Each question was suggestive and some encouraging only criticism where the coach, regardless of performance was already at disadvantage from question one. Be diligent in your review and take active interest in pursuing new methods of data collection if your department’s survey is outdated or unbalanced.

While we assume that every university takes a hard look at these surveys many may even disregard them altogether. Be sure you have a firm understanding of this process and be aware of whether or not these reviews are distributed fairly. Ex. Are your administrators going through surveys with a fine toothed comb on the women’s ice hockey coach yet overlooking student-athlete feedback on the men’s ice hockey side? These are important and relevant questions.


If you coach a fall sport and your surveys are distributed and collected in December, inquire as to when you will be reviewed on those results.

Many athletic departments meet with their coaches annually prior to the turnover of the fiscal year in July. However, if you are a fall sport and a few of your own athletes have expressed their disagreement with your methods through the survey in December, you risk not being informed until months later. This is far too long of a stretch and eliminates any opportunity for you to address the problem in the spring semester. Basically, how will we know where we need to improve if we aren’t given the information?

Additionally, if you are a spring sport, pick a time soon after your athletes submit their surveys to review your results with your admin. Allowing months to pass before the data can be reviewed is ammunition for your university to compile or seek out additional information they may want in their favor, in the event they choose to ultimately place your employment in the hands of a few college students’ surveys.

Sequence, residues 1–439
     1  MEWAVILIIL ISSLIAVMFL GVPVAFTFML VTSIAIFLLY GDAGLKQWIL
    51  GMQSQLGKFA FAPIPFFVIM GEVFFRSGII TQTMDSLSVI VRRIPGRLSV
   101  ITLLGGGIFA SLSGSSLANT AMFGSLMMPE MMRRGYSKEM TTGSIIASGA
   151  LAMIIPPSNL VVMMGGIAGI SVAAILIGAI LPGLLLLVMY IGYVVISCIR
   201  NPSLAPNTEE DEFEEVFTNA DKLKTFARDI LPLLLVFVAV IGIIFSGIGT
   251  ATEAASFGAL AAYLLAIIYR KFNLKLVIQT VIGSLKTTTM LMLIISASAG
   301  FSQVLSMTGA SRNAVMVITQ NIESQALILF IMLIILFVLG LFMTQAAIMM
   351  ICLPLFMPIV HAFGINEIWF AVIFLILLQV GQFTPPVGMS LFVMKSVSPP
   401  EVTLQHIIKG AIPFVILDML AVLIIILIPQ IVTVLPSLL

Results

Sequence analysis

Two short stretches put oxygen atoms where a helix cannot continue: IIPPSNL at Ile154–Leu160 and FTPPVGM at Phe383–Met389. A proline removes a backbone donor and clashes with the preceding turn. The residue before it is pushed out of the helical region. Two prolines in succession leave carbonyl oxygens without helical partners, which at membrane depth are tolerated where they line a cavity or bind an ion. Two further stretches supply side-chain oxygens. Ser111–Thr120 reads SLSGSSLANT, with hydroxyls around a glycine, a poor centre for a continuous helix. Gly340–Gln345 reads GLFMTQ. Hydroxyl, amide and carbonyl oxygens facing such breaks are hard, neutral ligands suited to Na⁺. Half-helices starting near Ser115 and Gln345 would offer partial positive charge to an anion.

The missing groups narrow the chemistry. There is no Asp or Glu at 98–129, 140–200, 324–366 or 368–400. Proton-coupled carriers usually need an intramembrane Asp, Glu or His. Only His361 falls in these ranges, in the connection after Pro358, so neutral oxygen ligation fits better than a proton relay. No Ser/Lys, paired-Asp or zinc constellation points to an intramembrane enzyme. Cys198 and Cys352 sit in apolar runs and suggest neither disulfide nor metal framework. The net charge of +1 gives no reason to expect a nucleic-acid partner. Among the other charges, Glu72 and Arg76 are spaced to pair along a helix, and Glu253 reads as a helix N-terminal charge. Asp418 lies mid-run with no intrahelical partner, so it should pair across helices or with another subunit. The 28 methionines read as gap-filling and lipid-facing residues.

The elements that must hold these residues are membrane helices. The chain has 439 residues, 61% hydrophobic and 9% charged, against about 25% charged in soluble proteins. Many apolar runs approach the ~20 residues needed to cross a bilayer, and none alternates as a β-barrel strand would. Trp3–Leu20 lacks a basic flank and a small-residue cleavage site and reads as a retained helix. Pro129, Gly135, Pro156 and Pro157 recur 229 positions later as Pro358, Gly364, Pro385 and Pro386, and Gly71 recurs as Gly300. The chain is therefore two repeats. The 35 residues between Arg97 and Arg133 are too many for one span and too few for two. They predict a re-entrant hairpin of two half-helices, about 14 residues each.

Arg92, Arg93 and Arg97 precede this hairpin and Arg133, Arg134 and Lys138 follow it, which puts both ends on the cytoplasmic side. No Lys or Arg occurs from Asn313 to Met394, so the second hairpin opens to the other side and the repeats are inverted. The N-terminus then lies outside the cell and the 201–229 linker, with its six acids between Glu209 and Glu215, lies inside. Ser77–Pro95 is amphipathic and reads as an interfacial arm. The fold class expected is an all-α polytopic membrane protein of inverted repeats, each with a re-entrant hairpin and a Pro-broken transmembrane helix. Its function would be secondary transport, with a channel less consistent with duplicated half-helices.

As graduate assistant, I was told that no one would truly take me seriously until I was in my 30s and even then, I would have to win and be in the game as long as 30 more years to gain any respect. Well, here I am 34…and I win, a lot.

Yet, it’s still a mystery to me how success as a female coach has yet to brandish my position with any additional trust to run my program in a manner that preserves positive culture and results. In the world of men coaching men, when you win, you have opportunities to move up and your resume grows right along with your salary. As a woman, if you make a healthy salary you are already close to pricing yourself out of new opportunities. Think this is just speculation? When was the last time you read or heard about a bidding war for a D-I women’s basketball coach in the same way we do when a D-I men’s position is open?

Yes, every opponent of this metaphor will undoubtedly begin to troll around and justify injustice by using the argument that men’s sports make more than women’s sports so bidding wars for female coaches are not seen often or ever. However, money is not an excuse for disparity. One of the biggest set backs to this movement continues to be a lack of acknowledgment and a variety of methods of distraction from the problem where many tend to justify injustice.


In contrast to my 10 years of coaching, more veteran coaches like Nebraska’s Coach Yori are just one example of female coaches that have been in the business and are recognizable names in their sport. In the 14 years of Yori’s tenure, undoubtedly the Husker staff had developed mechanisms for their program that simply run like clockwork. Unfortunately, even experience can be a drawback and long careers can distance administrations from keeping up on how coaches operate and more importantly the new challenges we face.

No matter how long any of us have been coaching, our years of experience can do nothing to change the evolution of the athletes we are recruiting. We must consistently be upgrading communication to our administrations to protect ourselves because research shows that the people in charge of us are being drawn increasingly more from the business world rather than the athletic sector.

Explaining to a former CEO of a marketing or finance company turned athletic director, that as coaches we must allow our constituency to face their challenges, may not compute to them in the same way it would a former coach. Our new business oriented leaders look at student-athletes as paying customers now rather than young adults who need structure and guidance.  Needless to say it becomes problematic when “the customer” in athletics is always right.

As coaches we must be proactive and aware of these issues and solutions. Otherwise, the next time you hear a student-athlete complaint accompanied by an impromptu meeting with HR and your AD, it may be too late.